Sunday, February 16, 2014

What do you want in a gamebook review?

Hello, gamebookers.  I hope you are well.  Since it was Valentine's day a couple of days ago, I thought that I might show you some love by producing another blog post.

Actually, I would like to ask you something.  I'm writing quite a few news articles and reviews for Fighting Fantazine, and what I want to make sure that I do is transmit all the information that you find pertinent in those articles, and give you a very good idea about whether you want to buy something or not.  And for that reason, I want to know from you that I am doing so, and how I can improve.  So here are a few points:


Is this a big thing for you in a gamebook?  Do you care if it is either very linear, or that there is only one narrow path?  Is being able to take a very different path subsequent times whilst still being able to achieve victory important to you?

The game system

How much randomness does the system depend on?  Do you want to know how much combat there will be in the gamebook?  Do you want to know how much die rolling there is?  do you want to know how complex the system is?  If the gamebook is in app form and it does all the calculations for you, do you care if the system is complex and requires lots of die rolling?

Story complexity

Is the dungeon crawl the ends with a showdown with an evil sorcerer so 80s and does not have a place in the 21st century?  Do you want to know if you will be hacking up monsters or interacting with NPCs more?  Do you care how complex the story is?  Will you shy away from a dungeon crawl, or a book with a complex plot?


What do you want to know about it?  Do you want me to give you a style?  How would you categorise styles?  Do you want to know how purple or beige the prose are?  Are there aspects of the writing that would put you off a book?  Are there things that you do not like about a gamebook that you would forgive if you liked the writing?

The facts

What else would you like to know besides cost, author(s), illustrator(s), supplier, shipping costs, format (electronic or physcial), date of release (if it has not already been released)?  Do you care if it was crowdfunded  Do you want to know if there are illustrations, and, if so, colour or black and white?  Is there anything that would put you off/turn you on?


What would you like to know about the illustrations?  What words would you use to describe the illustrations that you love/hate.  How much doe illustrations contribute to your gamebook experience?


Which sins would you forgive in a gamebook, and why?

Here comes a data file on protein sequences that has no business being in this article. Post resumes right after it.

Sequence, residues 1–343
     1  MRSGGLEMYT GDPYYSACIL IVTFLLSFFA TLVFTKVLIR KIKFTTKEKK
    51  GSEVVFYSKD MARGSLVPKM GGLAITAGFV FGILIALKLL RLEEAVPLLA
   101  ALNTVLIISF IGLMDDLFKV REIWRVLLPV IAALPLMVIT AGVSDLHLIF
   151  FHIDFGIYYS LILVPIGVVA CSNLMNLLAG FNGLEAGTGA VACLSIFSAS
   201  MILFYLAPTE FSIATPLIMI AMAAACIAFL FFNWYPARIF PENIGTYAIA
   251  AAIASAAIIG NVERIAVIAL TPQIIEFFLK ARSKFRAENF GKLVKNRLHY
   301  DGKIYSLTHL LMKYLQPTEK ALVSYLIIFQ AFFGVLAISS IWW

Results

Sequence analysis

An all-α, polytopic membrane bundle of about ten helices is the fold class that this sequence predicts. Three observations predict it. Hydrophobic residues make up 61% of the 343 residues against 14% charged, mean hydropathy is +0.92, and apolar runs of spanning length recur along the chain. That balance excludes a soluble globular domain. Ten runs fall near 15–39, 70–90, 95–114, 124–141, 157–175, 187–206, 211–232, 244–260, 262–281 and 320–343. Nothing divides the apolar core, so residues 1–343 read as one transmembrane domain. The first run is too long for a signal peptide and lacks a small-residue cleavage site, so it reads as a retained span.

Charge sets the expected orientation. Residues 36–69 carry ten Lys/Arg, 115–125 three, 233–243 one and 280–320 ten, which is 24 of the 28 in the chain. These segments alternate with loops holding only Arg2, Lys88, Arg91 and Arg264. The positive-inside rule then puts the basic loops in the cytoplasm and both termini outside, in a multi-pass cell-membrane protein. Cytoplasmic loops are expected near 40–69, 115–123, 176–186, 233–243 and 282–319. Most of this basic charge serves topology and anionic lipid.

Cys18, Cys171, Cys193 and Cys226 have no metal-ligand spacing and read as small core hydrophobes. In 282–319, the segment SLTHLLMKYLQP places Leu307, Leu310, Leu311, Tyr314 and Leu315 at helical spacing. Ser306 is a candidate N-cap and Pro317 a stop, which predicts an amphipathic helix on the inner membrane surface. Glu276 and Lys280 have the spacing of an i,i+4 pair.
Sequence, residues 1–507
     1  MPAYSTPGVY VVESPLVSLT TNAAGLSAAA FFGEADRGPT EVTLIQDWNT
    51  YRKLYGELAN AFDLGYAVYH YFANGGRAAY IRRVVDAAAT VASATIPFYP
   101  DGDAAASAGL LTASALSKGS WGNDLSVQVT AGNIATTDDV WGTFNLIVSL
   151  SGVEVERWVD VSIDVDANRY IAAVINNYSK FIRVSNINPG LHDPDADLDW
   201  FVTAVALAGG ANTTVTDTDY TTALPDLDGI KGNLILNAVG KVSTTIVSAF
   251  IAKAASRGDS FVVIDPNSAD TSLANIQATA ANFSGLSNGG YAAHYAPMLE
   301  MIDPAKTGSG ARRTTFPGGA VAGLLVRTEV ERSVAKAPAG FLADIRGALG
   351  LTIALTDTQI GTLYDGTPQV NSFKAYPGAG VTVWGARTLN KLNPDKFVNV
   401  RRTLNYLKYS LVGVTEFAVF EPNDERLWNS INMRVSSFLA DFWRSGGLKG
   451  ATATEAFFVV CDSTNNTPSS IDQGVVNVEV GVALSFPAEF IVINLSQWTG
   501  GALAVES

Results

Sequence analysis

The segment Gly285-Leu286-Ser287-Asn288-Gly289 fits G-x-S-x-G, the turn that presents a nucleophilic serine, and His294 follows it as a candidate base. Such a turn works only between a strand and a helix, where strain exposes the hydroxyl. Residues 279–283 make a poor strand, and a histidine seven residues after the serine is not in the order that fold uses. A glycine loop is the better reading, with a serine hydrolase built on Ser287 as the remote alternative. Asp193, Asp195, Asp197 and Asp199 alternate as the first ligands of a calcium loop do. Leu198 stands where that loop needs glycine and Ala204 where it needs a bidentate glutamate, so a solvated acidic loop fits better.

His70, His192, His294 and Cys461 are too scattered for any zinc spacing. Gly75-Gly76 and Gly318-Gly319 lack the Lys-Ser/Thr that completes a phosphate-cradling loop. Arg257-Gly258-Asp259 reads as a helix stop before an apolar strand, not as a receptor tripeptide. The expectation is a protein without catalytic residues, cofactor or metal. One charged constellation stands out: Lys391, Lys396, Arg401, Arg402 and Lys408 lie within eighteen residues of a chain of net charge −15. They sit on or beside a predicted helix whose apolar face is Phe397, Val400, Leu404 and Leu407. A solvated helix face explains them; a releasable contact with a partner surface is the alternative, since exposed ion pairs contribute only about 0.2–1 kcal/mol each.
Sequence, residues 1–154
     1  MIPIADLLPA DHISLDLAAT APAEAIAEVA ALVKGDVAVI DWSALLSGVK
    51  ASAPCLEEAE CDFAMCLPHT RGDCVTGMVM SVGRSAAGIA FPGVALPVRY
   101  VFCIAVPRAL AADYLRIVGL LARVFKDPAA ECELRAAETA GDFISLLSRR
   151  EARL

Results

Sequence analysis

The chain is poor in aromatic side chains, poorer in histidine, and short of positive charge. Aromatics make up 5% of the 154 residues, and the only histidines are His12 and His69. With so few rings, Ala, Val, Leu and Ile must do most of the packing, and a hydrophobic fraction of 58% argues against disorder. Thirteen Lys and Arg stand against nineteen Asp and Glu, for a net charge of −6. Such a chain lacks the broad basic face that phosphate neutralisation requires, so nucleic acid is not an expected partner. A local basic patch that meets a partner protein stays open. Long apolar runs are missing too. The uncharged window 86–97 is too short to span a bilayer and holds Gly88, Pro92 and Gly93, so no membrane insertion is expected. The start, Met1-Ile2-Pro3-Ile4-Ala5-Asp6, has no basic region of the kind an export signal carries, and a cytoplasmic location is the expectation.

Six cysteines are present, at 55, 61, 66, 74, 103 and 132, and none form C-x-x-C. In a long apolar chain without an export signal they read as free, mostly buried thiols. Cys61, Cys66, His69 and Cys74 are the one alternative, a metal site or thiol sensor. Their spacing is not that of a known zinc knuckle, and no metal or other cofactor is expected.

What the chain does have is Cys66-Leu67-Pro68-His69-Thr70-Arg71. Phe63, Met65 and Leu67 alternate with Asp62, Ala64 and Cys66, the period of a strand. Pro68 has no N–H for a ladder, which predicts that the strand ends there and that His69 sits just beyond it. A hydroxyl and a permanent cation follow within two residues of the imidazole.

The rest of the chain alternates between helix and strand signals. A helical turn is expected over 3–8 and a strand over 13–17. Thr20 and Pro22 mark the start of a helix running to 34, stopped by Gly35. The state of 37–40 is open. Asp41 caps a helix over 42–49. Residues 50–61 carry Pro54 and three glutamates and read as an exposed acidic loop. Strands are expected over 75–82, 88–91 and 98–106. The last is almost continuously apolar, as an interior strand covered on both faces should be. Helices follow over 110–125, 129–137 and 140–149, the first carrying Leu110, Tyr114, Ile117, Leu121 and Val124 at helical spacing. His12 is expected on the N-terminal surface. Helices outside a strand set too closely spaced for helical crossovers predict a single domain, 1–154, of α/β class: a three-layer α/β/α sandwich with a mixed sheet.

Playthrough or overview?

Would you like me to describe a playthrough?  If so, how much?  Or would you like me to just give an overview?

Favourite reviewers?

Have a look at some of the websites on the Gamebook Feed.  A lot of people review gamebooks.  Which ones would you like best?

Anything else?

As this is an impromtu blog post, I've probably missed something.  Please tell me what it is.

Personally, I like a gamebook with lots to explore on subsequent playthroughs, more than just a dungeon crawl, a system that is not too complex, combat that involves choice, I have no preference on what style of writing it is, and I could take or leave illustrations.  However, I cannot base my reviews on personal preference, and I would really like to know what you want.

Four seemingly stupid decisions that you can make in gamebooks with surprisingly good results

One of the reasons that some gamebooks are frustratingly hard is that some of the choices you make seem very arbitrary and fly in the face of common sense or even what the gamebook rewards you for.  Here are four seemingly stupid choices that actually have positive results.

Not taking the bow and silver arrows in Khare - Cityport of Traps.

You need a silver weapon to kill the deathwraith and you can buy a bow with silver arrows from the market.  However, this gives you a difficult combat.  As well as having to kill a skill 9 stamina 8 opponent (which you need to because it knows one of the lines to the spell to open the north gate), every time you win an attack round, you have to roll under your skill on two dice to hit it and you only have ten arrows to use.  If your skill is 8 or less, you don't stand much of a chance, so I suggest not buying the bow and calling upon Libra for this situation. 

Not taking the hammer in Caverns of the Snow Witch (but taking the spear)

You find both the hammer and the spear while you are hunting the yeti and are told that you must take both.  The trouble is with that is that if you don't have a spear, then the yeti is a skill 11 stamina 12 opponent.  If you do, it becomes a skill 10 stamina 9 opponent.  

That's good so far.  

However later, you come across a crystal warrior (skill 11 stamina 13) which you must fight if you have a hammer.  If you don't, you are able to get around it if you have a genie friend that makes you invisible.  

So if you take both the hammer and the spear, you have to fight a skill 11 opponent no matter what.  If you take neither, that is also true.  But if you just take the spear, then you win.  However, you still have to fight a skill 12 stamina 14 white dragon.